QP state machine frameworks for STM32 with GNU

QDK™ ARM-Cortex STM32 with GNU
Document Revision B February 2010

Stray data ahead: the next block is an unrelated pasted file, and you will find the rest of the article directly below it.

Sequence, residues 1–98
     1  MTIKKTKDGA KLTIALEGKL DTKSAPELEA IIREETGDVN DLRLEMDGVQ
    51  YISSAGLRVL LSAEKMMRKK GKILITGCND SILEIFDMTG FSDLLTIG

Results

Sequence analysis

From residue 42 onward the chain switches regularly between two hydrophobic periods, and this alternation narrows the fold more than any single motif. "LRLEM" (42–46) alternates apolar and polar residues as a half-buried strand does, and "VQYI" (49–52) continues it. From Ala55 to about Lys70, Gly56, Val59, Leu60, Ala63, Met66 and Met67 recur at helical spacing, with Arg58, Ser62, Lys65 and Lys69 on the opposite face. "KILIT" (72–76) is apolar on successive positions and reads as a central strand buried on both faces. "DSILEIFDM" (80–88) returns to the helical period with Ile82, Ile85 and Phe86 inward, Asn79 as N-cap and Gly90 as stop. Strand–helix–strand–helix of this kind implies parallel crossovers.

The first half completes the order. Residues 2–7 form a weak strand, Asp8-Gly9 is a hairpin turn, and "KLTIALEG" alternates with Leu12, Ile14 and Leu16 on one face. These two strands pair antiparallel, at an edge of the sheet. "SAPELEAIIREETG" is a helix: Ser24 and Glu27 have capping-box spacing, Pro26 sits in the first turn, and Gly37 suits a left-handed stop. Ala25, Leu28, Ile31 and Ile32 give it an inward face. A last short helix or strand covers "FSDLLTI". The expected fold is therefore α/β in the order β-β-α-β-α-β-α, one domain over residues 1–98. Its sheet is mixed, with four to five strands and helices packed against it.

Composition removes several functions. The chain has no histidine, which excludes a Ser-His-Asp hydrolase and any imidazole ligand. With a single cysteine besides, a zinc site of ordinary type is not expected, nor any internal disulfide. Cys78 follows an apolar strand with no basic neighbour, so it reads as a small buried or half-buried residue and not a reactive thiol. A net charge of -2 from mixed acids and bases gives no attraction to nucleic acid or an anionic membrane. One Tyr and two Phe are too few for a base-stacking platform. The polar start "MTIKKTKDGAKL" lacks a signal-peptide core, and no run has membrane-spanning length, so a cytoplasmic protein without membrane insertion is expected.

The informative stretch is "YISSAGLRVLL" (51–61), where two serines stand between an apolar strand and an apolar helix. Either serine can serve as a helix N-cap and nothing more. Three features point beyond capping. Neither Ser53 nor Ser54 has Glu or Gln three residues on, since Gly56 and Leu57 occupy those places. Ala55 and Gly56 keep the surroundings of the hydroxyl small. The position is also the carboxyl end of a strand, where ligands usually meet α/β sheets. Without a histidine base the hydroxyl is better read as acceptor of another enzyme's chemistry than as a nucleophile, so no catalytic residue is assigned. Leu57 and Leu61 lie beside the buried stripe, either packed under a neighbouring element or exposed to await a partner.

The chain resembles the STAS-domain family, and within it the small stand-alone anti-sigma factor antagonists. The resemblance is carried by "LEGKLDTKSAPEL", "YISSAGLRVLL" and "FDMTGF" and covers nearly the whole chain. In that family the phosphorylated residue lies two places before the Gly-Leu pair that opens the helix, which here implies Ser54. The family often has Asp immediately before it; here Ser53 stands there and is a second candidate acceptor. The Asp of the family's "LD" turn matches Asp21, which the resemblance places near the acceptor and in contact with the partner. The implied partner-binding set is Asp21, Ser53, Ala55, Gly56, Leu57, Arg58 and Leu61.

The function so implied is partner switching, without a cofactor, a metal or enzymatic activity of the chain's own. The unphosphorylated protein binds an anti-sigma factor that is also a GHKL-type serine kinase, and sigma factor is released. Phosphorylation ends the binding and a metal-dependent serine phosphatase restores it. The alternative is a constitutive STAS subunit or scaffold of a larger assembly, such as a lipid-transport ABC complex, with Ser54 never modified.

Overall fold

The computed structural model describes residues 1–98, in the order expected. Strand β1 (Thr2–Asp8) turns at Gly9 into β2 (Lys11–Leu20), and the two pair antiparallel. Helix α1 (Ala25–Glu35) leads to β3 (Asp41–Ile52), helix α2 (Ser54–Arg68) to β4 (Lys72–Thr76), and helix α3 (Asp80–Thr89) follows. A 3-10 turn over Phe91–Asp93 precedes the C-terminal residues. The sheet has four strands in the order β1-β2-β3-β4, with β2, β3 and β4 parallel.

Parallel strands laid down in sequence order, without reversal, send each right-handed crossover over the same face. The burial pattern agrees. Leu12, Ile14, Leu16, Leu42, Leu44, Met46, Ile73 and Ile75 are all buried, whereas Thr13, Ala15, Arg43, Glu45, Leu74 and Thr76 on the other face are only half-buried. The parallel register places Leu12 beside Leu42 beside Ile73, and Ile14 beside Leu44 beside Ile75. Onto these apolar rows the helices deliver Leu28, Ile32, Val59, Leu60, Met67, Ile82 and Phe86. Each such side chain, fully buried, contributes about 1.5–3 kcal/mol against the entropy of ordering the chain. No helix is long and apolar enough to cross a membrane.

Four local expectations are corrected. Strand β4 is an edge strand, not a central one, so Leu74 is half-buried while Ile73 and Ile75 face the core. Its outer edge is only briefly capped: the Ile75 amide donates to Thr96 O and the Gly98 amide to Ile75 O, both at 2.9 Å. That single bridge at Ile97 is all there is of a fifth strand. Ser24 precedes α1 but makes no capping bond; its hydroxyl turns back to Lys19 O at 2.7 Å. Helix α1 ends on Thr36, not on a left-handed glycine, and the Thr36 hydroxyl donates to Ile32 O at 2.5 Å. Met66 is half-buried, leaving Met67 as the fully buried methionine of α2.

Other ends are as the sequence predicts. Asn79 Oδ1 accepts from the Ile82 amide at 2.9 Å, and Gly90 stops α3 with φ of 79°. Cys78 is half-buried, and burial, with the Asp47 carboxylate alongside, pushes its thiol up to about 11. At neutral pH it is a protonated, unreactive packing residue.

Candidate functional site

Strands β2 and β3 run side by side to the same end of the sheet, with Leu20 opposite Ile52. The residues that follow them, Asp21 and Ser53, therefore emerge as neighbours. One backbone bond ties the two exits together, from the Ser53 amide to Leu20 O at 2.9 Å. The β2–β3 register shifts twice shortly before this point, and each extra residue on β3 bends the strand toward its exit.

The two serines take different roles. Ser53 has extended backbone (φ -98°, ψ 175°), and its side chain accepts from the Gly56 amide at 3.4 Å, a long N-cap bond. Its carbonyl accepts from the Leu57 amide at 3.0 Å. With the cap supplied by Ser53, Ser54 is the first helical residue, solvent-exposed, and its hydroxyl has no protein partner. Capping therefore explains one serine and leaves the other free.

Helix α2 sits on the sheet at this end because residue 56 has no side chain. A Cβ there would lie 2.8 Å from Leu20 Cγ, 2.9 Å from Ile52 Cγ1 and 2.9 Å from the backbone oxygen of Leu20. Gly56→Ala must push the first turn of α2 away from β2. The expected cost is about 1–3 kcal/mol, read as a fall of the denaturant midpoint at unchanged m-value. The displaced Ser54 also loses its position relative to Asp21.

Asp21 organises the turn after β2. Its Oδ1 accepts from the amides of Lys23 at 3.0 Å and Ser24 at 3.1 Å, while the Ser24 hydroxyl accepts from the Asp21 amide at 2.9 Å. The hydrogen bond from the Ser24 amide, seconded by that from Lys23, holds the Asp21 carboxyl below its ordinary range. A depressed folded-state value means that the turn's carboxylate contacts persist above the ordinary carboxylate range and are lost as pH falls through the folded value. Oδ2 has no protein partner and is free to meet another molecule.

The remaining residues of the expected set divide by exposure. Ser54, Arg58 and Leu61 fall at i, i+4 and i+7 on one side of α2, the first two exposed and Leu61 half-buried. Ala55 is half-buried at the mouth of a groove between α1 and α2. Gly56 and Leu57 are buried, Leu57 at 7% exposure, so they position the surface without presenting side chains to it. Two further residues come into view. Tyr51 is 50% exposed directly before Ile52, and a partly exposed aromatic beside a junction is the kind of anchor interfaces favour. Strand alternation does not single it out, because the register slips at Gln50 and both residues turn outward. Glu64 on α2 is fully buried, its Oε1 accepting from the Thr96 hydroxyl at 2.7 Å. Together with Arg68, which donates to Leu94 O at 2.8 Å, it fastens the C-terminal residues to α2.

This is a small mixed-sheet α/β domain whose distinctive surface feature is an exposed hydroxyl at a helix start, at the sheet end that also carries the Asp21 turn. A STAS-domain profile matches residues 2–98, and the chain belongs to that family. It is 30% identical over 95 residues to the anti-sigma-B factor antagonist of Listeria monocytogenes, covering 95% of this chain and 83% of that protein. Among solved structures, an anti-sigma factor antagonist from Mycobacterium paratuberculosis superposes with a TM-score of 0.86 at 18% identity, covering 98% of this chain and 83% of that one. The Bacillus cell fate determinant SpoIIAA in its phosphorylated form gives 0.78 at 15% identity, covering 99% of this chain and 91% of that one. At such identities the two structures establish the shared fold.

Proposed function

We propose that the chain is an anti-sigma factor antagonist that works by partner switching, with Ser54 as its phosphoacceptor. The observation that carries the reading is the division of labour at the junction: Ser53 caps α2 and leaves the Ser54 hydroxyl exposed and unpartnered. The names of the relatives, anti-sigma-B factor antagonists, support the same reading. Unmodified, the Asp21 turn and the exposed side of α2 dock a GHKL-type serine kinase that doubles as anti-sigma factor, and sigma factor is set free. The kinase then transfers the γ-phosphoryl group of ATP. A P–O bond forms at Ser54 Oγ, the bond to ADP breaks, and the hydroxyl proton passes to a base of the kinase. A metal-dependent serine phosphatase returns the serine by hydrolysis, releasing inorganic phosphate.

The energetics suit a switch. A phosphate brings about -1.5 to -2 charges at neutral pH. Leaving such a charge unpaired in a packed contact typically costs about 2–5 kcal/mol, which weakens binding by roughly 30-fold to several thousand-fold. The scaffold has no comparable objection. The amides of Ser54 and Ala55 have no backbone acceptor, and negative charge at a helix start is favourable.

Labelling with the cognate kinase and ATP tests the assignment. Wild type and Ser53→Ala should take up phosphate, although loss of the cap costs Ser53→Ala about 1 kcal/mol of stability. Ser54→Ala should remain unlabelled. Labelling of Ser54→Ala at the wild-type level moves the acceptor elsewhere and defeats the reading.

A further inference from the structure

Copyright © Quantum Leaps, LLC www.quantum-leaps.com www.state-machine.com

Table of Contents